Suppose we want to conduct our own study about air temperature in our neighborhood. First we'd have to get a thermometer and set it up outside. Then we could record the thermometer's temperature readings each day. If we wanted to be precise, we could also include the date each record was made.
After a few weeks, we would have a nice set of temperature data that we could use to assess the trends in our local weather. In this way, we will get a time series – a group of numerical values indexed by time. This is the kind of data we'll be dealing with in this section.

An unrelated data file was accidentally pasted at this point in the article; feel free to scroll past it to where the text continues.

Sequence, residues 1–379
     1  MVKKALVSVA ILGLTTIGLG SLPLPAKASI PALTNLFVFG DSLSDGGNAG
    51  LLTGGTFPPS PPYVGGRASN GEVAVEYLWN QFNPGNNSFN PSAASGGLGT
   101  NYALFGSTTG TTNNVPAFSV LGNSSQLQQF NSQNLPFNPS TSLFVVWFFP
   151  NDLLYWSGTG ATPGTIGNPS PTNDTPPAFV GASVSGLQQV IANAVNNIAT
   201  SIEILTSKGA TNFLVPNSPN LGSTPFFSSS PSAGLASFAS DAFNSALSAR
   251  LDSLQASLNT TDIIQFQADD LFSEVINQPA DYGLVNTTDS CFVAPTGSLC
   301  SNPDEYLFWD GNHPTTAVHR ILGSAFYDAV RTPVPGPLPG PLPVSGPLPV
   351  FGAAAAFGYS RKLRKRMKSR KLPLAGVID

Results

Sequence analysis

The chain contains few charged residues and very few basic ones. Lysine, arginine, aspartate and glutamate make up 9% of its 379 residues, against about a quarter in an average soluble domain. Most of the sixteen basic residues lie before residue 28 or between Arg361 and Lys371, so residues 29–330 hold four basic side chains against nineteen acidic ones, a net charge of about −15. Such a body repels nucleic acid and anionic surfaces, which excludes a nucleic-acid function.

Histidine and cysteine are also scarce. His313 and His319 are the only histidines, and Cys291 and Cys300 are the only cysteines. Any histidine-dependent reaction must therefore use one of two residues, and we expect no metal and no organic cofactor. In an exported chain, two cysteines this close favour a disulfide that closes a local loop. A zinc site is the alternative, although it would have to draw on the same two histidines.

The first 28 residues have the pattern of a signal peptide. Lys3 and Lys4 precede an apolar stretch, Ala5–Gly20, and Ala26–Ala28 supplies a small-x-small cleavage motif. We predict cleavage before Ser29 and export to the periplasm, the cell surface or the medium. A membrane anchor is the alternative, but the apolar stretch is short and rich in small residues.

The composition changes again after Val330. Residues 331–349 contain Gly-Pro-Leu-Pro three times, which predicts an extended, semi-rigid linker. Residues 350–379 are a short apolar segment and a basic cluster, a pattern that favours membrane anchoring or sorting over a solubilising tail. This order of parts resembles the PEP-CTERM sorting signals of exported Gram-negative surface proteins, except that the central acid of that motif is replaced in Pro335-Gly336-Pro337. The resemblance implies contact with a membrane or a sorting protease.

To sum up, a time series can be seen as a dataset with two columns. The dataset would have:
- one numerical variable, with each value representing something at a specific moment in time (e.g. the air temperature),
- one time variable, which tells us when the numerical value was recorded (e.g. the date).
For our local temperature, our dataset might look something like this:
1 2015-03-01 15
2 2015-03-02 16
3 2015-03-03 17
4 2015-03-04 19
5 2015-03-05 14
We can see that the time variable acts like an index, ordering the numerical variable's values. For every numerical value (the temperature), there is only one index (the date).
What type of variable is a time variable? Is it categorical or numerical? As you'll see, its type depends on our interpretation of numerical variables. For now, let's look at the forms a time variable can take.